What should I look for in a used Nissan Leaf hatchback?
Despite its unconventional powertrain, the Leaf is shaped like a normal car with a significant nose and front overhang, this largely to comply with pedestrian impact legislation in the event of an accident. However, it’s not all visible from the driver’s seat, so check for any minor scuffs on the bodywork and any damage to the wheels, as the Leaf will mostly have been used in urban scenarios and in tight city centre parking spaces.
When test-driving a used electric vehicle, make sure you monitor the dash to see how quickly the battery is depleted and ensure that it can be charged fully just so you have a rough idea of battery condition.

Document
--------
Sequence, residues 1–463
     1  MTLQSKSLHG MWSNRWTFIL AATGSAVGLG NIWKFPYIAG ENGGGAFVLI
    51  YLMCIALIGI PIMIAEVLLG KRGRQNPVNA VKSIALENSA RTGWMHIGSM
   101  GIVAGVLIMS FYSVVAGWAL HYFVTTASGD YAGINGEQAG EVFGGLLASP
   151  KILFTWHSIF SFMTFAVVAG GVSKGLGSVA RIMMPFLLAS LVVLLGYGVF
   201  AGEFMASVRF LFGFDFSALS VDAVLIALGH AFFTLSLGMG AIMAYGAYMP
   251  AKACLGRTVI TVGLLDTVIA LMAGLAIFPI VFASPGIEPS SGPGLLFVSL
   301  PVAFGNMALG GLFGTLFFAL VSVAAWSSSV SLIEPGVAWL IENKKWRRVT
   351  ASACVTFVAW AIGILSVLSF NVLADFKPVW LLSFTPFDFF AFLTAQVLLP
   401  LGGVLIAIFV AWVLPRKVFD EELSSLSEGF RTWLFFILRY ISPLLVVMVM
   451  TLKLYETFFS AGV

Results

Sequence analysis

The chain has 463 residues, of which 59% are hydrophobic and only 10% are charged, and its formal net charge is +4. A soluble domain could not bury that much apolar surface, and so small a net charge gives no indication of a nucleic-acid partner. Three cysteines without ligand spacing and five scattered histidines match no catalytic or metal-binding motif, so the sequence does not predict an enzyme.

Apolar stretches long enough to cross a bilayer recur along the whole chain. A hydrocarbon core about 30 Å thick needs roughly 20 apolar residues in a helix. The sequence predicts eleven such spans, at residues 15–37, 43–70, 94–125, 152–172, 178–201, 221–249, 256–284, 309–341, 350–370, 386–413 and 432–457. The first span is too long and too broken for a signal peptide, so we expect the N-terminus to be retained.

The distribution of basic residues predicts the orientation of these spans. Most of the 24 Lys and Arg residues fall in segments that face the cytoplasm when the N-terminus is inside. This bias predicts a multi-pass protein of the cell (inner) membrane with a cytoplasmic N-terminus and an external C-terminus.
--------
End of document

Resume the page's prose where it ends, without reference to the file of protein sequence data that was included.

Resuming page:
The first-gen Leaf was one of the most reliable cars on the road, aided by having fewer moving parts than conventional motor cars, and there were very few areas pointed out by owners for attention. Our recent survey highlighted bodywork issues, brake problems and non-engine electrics, but it must be noted that these were few and far between.
In our most recent survey, the first-gen Leaf was the most reliable electric vehicle of all and one of the most reliable cars full stop, with an excellent reliability rating of 99.7%. The only faults recorded were minor. Nissan as a brand finished in a disappointing 27th place out of 32 manufacturers.
Page 3 of 5